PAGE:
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OPTION 1 – Someone above God gives God his purpose. This is rather silly, for then God is not truly God, but there is another higher creature who is the true God, and we are back to the same question, who gives ‘that’ being purpose? This would go on ad infinitum.

OPTION 2 – God makes up his own purpose. This brings up interesting questions like (a) why does God pick one purpose over another? is it arbitrary? (b) can God change his purpose? Has he? Will he? (c) what made God even decide to have a purpose as opposed to not having one? And finally (d) if one being (God) can just make up his purpose, why can’t other beings do the same?

OPTION 3 – God derives his purpose from his nature. If that’s the case, then surely all creatures, for example humans, can just as well derive purpose from their nature not from God. If we allow it as a philosophical principle that some being (God) can find his purpose in his nature, then logically any other being (i.e. a human) can also derive purpose from his nature. It would seem that picking option 3 removes from one the ability to say “life without God is meaningless.”

OPTION 4 – God doesn’t need a purpose or meaning. Well then… this feels a tad nihilistic.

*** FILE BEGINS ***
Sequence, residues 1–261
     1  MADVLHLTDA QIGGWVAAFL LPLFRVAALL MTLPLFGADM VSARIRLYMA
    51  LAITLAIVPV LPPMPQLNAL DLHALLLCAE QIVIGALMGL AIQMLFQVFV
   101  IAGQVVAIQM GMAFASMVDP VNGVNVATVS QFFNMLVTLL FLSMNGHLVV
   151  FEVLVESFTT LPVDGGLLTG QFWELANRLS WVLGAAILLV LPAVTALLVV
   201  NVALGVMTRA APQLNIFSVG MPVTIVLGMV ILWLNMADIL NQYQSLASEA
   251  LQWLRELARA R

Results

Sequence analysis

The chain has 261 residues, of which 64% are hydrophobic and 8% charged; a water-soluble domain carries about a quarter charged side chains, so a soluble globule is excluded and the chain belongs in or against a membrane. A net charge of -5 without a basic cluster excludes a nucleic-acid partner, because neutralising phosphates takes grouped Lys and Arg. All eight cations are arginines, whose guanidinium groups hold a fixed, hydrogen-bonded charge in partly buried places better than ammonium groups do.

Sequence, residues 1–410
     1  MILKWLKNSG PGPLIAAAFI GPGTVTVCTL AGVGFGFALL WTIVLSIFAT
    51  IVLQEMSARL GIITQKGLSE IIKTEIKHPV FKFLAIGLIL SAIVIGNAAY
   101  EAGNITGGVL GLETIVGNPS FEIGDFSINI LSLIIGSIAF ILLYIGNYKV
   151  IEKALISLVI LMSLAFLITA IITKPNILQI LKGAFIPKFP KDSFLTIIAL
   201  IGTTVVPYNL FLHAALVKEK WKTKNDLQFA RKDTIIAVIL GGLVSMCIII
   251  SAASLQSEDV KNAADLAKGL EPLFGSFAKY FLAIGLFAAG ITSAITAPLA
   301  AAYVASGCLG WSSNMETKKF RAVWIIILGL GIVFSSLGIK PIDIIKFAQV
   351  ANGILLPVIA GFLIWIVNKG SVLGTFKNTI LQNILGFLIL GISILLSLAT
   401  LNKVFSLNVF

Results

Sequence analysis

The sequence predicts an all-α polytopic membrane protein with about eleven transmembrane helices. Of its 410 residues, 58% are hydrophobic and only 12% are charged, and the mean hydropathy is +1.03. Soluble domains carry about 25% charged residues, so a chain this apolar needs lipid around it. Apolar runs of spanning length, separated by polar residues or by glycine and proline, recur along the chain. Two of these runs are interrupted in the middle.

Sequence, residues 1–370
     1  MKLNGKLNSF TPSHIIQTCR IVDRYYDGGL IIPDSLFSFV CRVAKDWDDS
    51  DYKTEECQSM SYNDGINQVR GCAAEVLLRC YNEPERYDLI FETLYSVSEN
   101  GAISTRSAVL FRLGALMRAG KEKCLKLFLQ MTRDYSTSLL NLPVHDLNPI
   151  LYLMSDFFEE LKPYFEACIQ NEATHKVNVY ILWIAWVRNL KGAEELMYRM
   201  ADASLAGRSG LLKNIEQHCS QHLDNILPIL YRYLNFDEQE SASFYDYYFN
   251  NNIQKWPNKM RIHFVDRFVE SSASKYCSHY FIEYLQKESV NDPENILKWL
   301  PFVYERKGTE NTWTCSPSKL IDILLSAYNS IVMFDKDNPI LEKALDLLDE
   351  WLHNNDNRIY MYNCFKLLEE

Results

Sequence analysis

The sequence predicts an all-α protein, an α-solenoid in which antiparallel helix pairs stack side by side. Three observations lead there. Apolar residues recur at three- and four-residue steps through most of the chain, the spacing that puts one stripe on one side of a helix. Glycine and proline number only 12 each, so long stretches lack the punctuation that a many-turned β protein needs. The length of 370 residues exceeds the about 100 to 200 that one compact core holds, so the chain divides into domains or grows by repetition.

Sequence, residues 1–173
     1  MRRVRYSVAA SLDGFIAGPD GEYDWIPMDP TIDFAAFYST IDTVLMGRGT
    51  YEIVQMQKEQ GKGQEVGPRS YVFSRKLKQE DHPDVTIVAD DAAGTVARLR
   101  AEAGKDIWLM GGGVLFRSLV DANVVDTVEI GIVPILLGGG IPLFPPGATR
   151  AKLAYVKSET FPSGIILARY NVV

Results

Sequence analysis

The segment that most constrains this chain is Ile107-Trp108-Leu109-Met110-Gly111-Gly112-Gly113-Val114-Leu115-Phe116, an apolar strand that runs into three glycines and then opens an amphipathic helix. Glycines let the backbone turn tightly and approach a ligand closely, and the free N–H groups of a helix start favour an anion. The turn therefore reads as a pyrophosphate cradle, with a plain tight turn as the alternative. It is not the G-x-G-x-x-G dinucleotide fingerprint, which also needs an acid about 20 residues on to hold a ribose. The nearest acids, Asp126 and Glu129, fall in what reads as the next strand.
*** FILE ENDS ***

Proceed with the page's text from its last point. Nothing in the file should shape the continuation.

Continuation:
Can you think of any others?

There is a shared DNA sequence between all living organisms on earth

There is a DNA sequence that is found present in all living organisms; you and the tiniest of bacteria share this sequence as a part of your genetic makeup. Scientists say this makes it the oldest bit of DNA in existence.

oldest dna sequence

“Arguably, the most remarkable DNA sequence on Earth is GTG CCA GCA GCC GCG GTA ATT CCA GCT CCA ATA GCG TAT ATT AAA GTT GCT GCA GTT AAA AAG. It is present in every single living organism – even in organisms not technically classed as alive such as giant mimiviruses. The reason the sequence is so widespread is that it existed in the common ancestor of all life. Carrying out a crucial process, it has remained unchanged for 3 billion years: the oldest fossil in your body.”

‘What a Wonderful World’ by Marcus Chown, pg. 48

Belief in an afterlife did not emerge until nearly the end of the writing of the Hebrew Bible

Did the ancient Hebrews believe there was a heaven and hell? Most likely not.

Most biblical scholars say they did not (this coincides with the fact that the Sadducees during the period of Jesus, which included all the Jewish temple priests, did not believe in a Resurrection).

Marcus Borg writes:

“For a long time now, mainstream biblical and theological scholarship has recognized that the belief in an afterlife did not emerge until nearly the end of the writing of the Hebrew Bible. The first unambiguous reference occurs in the last chapter of Daniel, seen by most scholars as the latest document of the Hebrew Bible, written around 165 BCE. Though the authors of the Psalms and other books often pray for deliverance from death, there is no clear affirmation of an afterlife until Daniel.This means that for all the previous centuries of the biblical period, people in ancient Israel didn’t believe in life after death. To state the obvious, “going to heaven” could not have been their motive for taking God seriously.”borg marcus